Ambarella, Inc., an AI vision silicon company, announces that it will demonstrate its new robotics platform during CES 2020. Based on Ambarella’s CVflow® architecture, it targets automated guided vehicles (AGV), consumer robots, industrial robots, and emerging Industry 4.0 applications. The robotics platform provides a unified software infrastructure for robotics perception across Ambarella’s CVflow SoC family including the CV2, CV22, CV25, and S6LM. It provides easy access and acceleration for the most common robotics functions including stereo processing, key points extraction, neural network processing, and Open Source Computer Vision Library (OpenCV) functions. Advanced image processing Ambarella will demonstrate the highest-end version of the platform during CES 2020: A single CV2 chip will perform stereo processing (up to 4Kp30 or multiple 1080p30 pairs), object detection, key points tracking, occupancy grid, and visual odometry. This high level of computer vision performance combined with Ambarella’s advanced image processing—with native multi-camera support (up to 6 direct camera inputs on CV2, and 3 on CV25)—enables robotics designs that are both simpler and more powerful than traditional robotics architectures. We are thrilled to introduce and demonstrate this high performance robotics platform during CES" “With all eyes on the future of home and industrial robotics, we are thrilled to introduce and demonstrate this high performance robotics platform during CES to our manufacturing partners and customers,” said Jerome Gigot, senior director of marketing at Ambarella. “Combining the best of Ambarella’s advanced imaging capabilities with our high-performance CVflow architecture for computer vision, the new platform will help enable a new breed of smarter and more efficient consumer and industrial robots.” Neural network porting The platform supports both the Linux operating system as well as the ThreadX® RTOS for systems requiring functional safety, and it comes with a complete toolkit for image tuning, neural network porting, and computer vision algorithm development. It also supports the Robotics Operating System (ROS) for easier development and visualisation. A rich set of APIs makes it possible for application developers to efficiently run higher-level algorithms including optical flow, visual odometry, and obstacle detection. The new robotics platform and its related development kits are available today and can be paired with various mono and stereo configurations, as well as rolling shutter, global shutter, and IR sensor options. Ambarella will demonstrate the new platform to select customers and partners during CES 2020.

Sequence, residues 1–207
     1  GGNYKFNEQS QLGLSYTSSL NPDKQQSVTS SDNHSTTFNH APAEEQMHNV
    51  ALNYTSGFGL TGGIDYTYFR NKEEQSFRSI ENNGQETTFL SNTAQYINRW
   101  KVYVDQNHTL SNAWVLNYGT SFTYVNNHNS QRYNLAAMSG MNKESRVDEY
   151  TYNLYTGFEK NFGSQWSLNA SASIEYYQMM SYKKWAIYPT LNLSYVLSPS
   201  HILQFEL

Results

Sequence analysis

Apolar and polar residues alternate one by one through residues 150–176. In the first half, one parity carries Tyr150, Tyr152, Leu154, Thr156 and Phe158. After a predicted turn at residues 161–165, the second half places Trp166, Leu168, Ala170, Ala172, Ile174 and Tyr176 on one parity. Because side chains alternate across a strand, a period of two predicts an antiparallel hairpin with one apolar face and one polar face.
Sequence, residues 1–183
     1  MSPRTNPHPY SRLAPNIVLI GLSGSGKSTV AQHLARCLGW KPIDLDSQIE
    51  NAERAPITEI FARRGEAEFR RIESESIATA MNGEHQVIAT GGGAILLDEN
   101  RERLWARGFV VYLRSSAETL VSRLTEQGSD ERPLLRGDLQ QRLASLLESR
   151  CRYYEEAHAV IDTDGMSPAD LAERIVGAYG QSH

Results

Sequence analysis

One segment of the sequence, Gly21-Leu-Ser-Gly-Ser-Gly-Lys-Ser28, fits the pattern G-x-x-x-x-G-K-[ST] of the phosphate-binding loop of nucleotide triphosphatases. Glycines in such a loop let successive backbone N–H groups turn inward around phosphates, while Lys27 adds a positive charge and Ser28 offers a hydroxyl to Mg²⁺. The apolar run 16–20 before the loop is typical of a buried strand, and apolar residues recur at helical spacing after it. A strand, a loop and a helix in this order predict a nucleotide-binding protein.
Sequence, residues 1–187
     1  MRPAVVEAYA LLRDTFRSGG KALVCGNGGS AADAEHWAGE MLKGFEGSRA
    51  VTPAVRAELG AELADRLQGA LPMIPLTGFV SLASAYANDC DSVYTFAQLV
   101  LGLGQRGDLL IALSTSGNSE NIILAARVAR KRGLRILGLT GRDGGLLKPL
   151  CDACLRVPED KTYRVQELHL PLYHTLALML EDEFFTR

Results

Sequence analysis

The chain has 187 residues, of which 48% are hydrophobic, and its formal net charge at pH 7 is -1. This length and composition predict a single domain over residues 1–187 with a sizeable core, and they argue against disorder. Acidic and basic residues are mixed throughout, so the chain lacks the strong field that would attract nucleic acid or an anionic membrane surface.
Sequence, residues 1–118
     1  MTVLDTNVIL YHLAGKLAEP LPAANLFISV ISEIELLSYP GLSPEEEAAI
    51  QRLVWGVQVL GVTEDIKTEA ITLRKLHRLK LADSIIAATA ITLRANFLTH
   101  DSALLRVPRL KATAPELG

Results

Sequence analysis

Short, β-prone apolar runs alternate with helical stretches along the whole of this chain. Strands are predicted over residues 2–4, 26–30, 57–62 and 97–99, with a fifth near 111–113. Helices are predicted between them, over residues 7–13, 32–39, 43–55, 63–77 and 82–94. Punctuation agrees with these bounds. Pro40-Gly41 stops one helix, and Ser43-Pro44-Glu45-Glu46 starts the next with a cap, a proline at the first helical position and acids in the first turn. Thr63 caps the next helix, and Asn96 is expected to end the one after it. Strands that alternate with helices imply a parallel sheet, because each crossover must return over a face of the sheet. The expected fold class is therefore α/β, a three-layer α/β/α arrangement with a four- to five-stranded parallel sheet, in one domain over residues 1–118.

Ambarella is a big player in the video surveillance market, but not a familiar name to many buyers of security cameras. They don’t make cameras, but they make the computer chips inside. Founded in 2004, Ambarella began in the broadcast infrastructure encoders market and entered the market for professional security cameras in 2008. More recently, the company has also entered the market for automotive OEM solutions. Between 2005 and 2015, the company has produced a progression of advanced camera system on chips (SoCs) designed, developed and mass-produced for the consumer electronics, broadcast and IP camera markets. An SoC includes an image processor as well as capabilities to run software and provide computer vision (analytics). Development has been happening fast at Ambarella. In January, they introduced the CV22 camera SoC, combining image processing, 4K and 60fps video encoding and computer vision (video analytics) processing in a single, low-power-design chip. CVflow architecture provides DNN (deep neural network) processing required for the next generation of intelligent cameras. The even newer CV2 camera SoC, introduced in late-March, delivers up to 20 times the deep neural network performance of Ambarella's first generation CV1 chip, also with low power consumption. I caught up with Chris Day, Ambarella’s vice president of marketing and business development, at the ISC West show to find out more about the company. Q: Your company is not as well known in the industry as it should be, given its widespread impact on the market. Would you prefer otherwise? Day: I think we would prefer more visibility. If you talk to any camera maker, they know who we are. We do business with all the top-10 camera companies – Hikvision, Dahua, Avigilon, Pelco and the rest. Because we are a chip supplier, the end-customer deciding to buy a camera may not know what chip is inside. For that reason, we may not have the visibility. But if you are a camera maker, you know who we are. Typically, it takes nine months to develop a camera, longer with an intelligent camera because you are importing so much software Q: What are you hearing from your camera customers in terms of what they need, and how are they directing where you go with R&D? Day: We have become a major supplier to those companies based on years of developing image processing – wide dynamic range, low light, and similar features – as well as AVC (advanced) and HEVC (high-efficiency) video encoding. That’s the heritage of our company and why we do business with all these companies. The next treadmill is computer vision – adding the intelligence into the camera. The goal is still being best-in-class in imaging and encoding, but now being best-in-class in adding the intelligence and being able to do all those things with very low power, within the “thermal budget” of the camera. That’s the next big wave. Q: How far away is that in terms of the end-customer? How soon will he or she be able to reap the benefits? Day: By the end of 2018, or maybe next year. We’re just beginning to sample the CV22, for instance, which is the first SoC directed to security cameras. Typically, it takes nine months to develop a camera, maybe longer with an intelligent camera because you are importing so much software. So, we’re talking about the end of this year or next year. Q: Tell me about your current products and the next generation. Day: The CV22 is sampling this quarter. CV2 we announced [in late March], which is a high-performance chip. The idea is that we provide our customers with different price/performance points, so they can produce a family of cameras with different capabilities. They have the same basic software model, so someone can invest in software once and then have different performance points without completely rewriting the software. That’s key. They might have 100 software engineers developing neural networks and all the features, so if you have to recreate that at different price points, it’s a lot of work. Ambarella provides customers with different price/performance points, so they can produce a family of cameras with different capabilities Q: Historically, video analytics have over-promised and under-delivered. What would you say to a sceptical user in terms of how much confidence they should have in the next wave of products? Day: Ambarella has been in the security business for 10 years, and some of us have been in the business for 15 years. Every year I’ve been disappointed by the analytics I have seen at the ISC West show. Every year there are incremental improvements – 2 percent, 5 percent, whatever – but in general, I became a sceptic, as well. What is fundamentally different now is the neural network approach to computer vision. Even for us developing these chips: In CV1 we had a certain level of deep neural network performance. We produced CV22 in the same year with four times the performance, and then CV2 has 20 times the performance in the space of one year. That’s just at the chip level. But the neural network approach to analytics and computer vision is game changing if you look at the things you can do with it compared to traditional analytics approaches. If you look at what it’s doing in automotive and security, you will see significant development. I totally appreciate the scepticism, but I think it is completely game-changing at this point, based on the technology in the chips and based on what’s happening with neural networks. Q: What do you think the next big thing is? Day: I think the next big thing is the neural networks; it’s the intelligence in the camera. People have been pushing toward higher resolution, we’ve done 4K, we have incredible imaging even in really dark scenes. So we have been solving all those problems. And so now to add the computer vision and be able to do that in parallel with the image processing and high-resolution encoding, and all in a chip that is low-power. That’s the differentiator. Q: What else is happening? Jerome Gigot, Senior Director Marketing: There is a lot happening on the consumer side, too, with the home security market. You will see cameras in your home with more and more intelligence. Some are used for video doorbells. On some of the new cameras, we have package notification – you get notified if a package arrives, or if someone steals your package. And new battery-powered cameras are very easy to install with no wires.